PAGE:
attr1 = syst-msgv1
                      attr2 = syst-msgv2
                      attr3 = syst-msgv3
                      attr4 = syst-msgv4
                  ).

  ENDMETHOD.

What is important here is that in the constant ZGC_DESTINATION is the definition of the H type RFC destination towards the midserver.

Using the ServiceNow web services

The ServiceNow webservices including instructions on how to download the WSDL are published on the ServiceNow help web pages.

Download the WSDL file and follow the instructions from this blog to import the WSDL file inso SE80 and generate the ABAP web service proxy object. In SOAMANAGER setup the logical port towards your ServiceNow installation and make sure the connection is working.

Then implement the ABAP code as above.

In stead of calling the REST service, you now call the ABAP proxy generated:

* Data Declarations
DATA: zcl_proxy TYPE REF TO zco_zbapidemowebservice, " Proxy Class
      zdata_in  TYPE zzbapidemo, " Proxy Input
      zdata_out TYPE zzbapidemoresponse, " Proxy Output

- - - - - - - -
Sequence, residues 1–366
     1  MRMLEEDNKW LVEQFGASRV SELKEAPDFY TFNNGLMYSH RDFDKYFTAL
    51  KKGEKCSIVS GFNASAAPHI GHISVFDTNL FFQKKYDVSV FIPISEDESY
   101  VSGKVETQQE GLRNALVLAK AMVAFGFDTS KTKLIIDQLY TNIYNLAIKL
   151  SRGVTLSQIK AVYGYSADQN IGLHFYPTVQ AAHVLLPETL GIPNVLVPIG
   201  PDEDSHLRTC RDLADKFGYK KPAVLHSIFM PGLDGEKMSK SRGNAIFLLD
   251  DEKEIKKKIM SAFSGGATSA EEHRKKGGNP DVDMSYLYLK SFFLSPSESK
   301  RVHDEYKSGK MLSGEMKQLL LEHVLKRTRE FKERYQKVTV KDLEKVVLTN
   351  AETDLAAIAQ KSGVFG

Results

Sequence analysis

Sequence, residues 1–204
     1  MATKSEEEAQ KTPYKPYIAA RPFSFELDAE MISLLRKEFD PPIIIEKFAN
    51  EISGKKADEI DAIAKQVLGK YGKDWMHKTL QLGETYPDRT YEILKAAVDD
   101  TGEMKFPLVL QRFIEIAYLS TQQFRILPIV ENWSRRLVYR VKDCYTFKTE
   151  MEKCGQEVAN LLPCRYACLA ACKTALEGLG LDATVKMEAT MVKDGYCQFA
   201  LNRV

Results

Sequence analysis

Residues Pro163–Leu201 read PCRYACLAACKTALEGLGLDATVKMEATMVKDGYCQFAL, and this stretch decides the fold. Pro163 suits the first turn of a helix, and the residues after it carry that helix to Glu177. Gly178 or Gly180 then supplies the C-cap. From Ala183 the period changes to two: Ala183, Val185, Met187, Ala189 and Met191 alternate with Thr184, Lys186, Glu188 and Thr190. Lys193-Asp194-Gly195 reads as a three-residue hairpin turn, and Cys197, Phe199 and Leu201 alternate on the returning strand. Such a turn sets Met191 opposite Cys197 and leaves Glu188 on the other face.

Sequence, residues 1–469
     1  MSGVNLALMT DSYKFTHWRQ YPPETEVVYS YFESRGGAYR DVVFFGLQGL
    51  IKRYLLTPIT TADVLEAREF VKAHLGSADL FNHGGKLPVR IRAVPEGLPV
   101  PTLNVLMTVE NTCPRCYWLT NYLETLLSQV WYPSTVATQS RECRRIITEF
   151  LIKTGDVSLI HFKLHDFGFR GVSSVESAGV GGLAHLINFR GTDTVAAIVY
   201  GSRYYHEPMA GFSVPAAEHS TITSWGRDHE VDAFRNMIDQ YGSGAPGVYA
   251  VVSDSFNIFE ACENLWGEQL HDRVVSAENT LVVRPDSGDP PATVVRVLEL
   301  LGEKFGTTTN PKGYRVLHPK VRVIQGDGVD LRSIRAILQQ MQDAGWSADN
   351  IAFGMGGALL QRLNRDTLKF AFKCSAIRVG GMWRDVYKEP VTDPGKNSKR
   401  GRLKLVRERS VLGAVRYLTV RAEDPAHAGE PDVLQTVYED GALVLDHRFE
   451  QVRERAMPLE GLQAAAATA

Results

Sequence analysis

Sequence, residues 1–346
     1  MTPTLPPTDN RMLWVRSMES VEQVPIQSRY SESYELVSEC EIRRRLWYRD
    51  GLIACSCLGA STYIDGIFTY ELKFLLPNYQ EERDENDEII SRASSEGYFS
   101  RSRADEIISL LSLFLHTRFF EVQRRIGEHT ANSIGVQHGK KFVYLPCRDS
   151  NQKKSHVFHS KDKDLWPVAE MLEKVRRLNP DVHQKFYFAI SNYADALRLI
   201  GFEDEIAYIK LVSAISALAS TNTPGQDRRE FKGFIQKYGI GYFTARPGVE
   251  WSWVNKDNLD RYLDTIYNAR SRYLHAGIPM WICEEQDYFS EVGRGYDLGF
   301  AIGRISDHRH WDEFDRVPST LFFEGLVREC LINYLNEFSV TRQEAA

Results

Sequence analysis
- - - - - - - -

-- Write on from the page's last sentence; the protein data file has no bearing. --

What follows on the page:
zfault    TYPE REF TO cx_root. " Generic Fault

* Instantiate the proxy class providing the Logical port name
CREATE OBJECT zcl_proxy EXPORTING logical_port_name = 'ZDEMOWS'.

* Set Fixed Values
zdata_in-zimport = '1'.

TRY .
    zcl_proxy->zbapidemo( EXPORTING input = zdata_in
                          IMPORTING output = zdata_out ).
    WRITE: / zdata_out-zexport.
  CATCH cx_root INTO zfault.
* here is the place for error handling

ENDTRY.

Off course you will use the generated in and out data from the generated service.

Upgrading SAP Focused Run

All new functions and innovations for SAP Focused Run are delivered in either upgrades or feature packs. This blog will explain how to plan and execute upgrade for SAP Focused Run.

Questions that will be answered in this blog are:

  • What is the SAP Focused Run release strategy?